Intel Rocket Lake Core i9 processors can reach temperatures of 98 degrees with 250W power consumption.

Some hardware enthusiasts conducted a stress test on the 11th generation Intel Rocket Lake processor to reveal power consumption under extreme loads and compare this with previous processors from the Comet Lake-S family. As a result, it turned out that the upcoming Core i9-11900KF processors could overheat and consume power under load, just like their Comet Lake ancestors.

Intel’s upcoming 8-core Core i9-11900KF Rocket Lake-S processors can heat up to 98 degrees and draw 250W of power, as claimed during stress tests.

Even though Intel’s latest 10th generation Core Comet Lake-S processors are rated at 125W TDP, all cores draw their maximum potential by drawing 250W to 330W when under full load for up to 56 seconds.

Intel’s public specs list power consumption by default power level (PL1). There is a big difference between the default power level and the all-core turbo power level (PL2). That’s why you’ll need an advanced motherboard, a quality power supply, and a good cooling system to tame the Comet Lake monster. This is because Intel had to increase the PL2 level in Comet Lake CPUs to make it more competitive against AMD’s Ryzen series.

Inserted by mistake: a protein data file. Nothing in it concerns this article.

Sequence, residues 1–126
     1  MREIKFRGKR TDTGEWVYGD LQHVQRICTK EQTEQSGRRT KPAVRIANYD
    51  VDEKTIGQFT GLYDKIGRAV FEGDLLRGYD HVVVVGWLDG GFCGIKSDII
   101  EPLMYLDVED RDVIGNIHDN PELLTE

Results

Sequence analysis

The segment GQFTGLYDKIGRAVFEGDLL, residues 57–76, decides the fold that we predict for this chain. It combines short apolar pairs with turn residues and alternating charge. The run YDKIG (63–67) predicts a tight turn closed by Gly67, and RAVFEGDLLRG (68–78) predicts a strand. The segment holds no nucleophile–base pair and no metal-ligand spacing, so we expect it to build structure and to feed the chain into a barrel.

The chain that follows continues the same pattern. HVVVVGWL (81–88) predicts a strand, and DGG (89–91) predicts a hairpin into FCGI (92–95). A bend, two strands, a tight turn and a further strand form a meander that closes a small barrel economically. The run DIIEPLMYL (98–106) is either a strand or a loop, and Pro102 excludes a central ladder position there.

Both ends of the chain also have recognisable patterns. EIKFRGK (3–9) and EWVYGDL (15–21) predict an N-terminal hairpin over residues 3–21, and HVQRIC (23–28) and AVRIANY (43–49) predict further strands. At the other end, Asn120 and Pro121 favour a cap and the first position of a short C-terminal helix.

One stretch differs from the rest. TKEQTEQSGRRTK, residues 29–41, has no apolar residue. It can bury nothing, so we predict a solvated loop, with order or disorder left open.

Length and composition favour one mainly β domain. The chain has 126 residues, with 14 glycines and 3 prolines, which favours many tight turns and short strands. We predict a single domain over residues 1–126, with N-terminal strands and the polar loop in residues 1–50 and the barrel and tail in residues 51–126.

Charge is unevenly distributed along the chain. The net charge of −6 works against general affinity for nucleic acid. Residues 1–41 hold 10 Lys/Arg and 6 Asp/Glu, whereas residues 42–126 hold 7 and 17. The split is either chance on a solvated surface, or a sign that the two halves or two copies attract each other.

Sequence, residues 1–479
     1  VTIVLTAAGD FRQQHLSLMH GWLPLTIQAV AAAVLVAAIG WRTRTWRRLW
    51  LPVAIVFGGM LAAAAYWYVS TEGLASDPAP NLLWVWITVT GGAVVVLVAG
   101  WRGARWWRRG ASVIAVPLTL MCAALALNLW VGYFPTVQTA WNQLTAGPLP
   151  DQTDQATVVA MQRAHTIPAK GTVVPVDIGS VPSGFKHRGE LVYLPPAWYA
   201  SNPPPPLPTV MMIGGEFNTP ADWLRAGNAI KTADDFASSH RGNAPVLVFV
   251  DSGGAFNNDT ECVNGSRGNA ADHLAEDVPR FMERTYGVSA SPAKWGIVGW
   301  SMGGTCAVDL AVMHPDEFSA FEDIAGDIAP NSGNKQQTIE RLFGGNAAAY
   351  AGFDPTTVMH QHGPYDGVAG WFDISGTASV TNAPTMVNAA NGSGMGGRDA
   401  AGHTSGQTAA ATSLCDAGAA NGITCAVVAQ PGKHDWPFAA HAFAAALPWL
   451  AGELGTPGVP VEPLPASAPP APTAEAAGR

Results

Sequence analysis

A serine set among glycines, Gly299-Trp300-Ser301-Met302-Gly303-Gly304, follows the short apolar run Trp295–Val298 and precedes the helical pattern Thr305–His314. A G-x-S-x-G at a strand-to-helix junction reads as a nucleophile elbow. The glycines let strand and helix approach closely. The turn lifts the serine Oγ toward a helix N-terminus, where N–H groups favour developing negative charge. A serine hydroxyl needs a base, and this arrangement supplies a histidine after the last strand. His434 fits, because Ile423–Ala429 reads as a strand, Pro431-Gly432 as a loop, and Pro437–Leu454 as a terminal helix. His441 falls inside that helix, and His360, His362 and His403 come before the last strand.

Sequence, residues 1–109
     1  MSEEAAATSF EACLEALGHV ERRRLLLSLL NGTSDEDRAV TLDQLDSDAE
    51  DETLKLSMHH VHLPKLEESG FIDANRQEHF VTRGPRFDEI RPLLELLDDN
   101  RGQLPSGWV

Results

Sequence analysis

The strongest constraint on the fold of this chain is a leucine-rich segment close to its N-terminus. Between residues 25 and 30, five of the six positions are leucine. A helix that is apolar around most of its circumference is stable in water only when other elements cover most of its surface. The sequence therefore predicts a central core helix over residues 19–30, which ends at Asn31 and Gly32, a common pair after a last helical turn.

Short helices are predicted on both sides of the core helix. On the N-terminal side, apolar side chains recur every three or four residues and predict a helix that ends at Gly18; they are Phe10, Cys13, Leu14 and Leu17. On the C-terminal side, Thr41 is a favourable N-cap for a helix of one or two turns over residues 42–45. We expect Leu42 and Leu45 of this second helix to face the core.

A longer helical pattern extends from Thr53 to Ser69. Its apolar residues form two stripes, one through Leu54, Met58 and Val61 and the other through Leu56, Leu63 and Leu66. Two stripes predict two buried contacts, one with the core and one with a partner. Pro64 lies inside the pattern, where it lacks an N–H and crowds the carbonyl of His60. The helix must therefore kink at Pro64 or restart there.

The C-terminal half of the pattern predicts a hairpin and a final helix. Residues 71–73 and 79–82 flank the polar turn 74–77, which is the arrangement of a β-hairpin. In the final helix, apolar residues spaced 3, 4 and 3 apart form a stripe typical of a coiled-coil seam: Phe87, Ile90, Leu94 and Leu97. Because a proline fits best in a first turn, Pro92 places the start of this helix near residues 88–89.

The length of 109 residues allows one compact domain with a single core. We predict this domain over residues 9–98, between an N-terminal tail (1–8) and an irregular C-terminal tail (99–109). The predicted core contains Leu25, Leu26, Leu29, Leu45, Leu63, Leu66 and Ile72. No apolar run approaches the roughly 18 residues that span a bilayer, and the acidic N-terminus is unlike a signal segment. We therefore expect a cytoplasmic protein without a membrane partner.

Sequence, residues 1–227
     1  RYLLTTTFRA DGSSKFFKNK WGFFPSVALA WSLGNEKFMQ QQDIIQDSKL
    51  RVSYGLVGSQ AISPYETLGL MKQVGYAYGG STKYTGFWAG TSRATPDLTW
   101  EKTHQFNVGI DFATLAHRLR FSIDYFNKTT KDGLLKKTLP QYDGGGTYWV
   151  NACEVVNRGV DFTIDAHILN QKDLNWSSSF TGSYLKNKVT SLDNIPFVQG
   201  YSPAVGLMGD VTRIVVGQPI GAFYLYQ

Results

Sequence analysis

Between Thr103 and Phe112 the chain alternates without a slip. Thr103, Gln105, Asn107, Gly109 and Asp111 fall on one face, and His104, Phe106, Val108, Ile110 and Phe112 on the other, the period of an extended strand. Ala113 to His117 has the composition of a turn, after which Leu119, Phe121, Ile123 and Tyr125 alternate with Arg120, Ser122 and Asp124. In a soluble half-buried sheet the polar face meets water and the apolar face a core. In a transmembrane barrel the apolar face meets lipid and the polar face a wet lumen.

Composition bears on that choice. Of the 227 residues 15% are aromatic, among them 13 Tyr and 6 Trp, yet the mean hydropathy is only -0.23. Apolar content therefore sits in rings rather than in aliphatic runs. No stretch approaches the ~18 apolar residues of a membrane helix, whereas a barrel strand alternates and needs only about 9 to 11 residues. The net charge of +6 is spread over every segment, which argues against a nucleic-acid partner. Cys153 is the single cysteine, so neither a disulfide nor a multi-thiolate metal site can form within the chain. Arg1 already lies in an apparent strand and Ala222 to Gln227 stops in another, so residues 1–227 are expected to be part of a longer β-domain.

According to Chiphell, the same rules seem to apply to Intel’s 8-core Core i9-11900KF Rocket Lake-S processors, which can heat up to 98C while running AIDA64’s FPU stress test and draw 250W at 1.325V Vcore. The test processor was cooled using an entry-level 360mm closed loop liquid cooling system. The clarified frequencies of the chip are unknown, but according to leaks, it seems to run at 3.50 GHz by default, with all its cores rising to 4.8 GHz.

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Manufactured using a mature 14 nm process, Intel’s latest 8 or 10-core processors aren’t exactly energy efficiency champions. Of course, this is not surprising. This is because the node was not developed for processors combining high frequency and high core count.

The Rocket Lake-S processor is based on a new micro-architecture and while it has many other advantages over Comet Lake-S processors, its thermals and power consumption seem comparable to previous ones, at least as long as there are stress tests. Let us underline that stress tests generally do not reflect real-world workloads but aim to reveal the weaknesses of your computer structure.

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